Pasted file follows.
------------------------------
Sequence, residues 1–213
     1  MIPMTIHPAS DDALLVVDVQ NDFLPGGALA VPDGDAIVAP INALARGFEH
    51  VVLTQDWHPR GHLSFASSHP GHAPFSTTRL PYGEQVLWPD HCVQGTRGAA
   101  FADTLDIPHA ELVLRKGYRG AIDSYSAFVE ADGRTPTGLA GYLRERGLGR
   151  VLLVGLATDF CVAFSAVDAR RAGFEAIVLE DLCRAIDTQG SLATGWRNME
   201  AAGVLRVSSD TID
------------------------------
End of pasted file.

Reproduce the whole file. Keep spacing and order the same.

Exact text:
Sequence, residues 1–213
     1  MIPMTIHPAS DDALLVVDVQ NDFLPGGALA VPDGDAIVAP INALARGFEH
    51  VVLTQDWHPR GHLSFASSHP GHAPFSTTRL PYGEQVLWPD HCVQGTRGAA
   101  FADTLDIPHA ELVLRKGYRG AIDSYSAFVE ADGRTPTGLA GYLRERGLGR
   151  VLLVGLATDF CVAFSAVDAR RAGFEAIVLE DLCRAIDTQG SLATGWRNME
   201  AAGVLRVSSD TID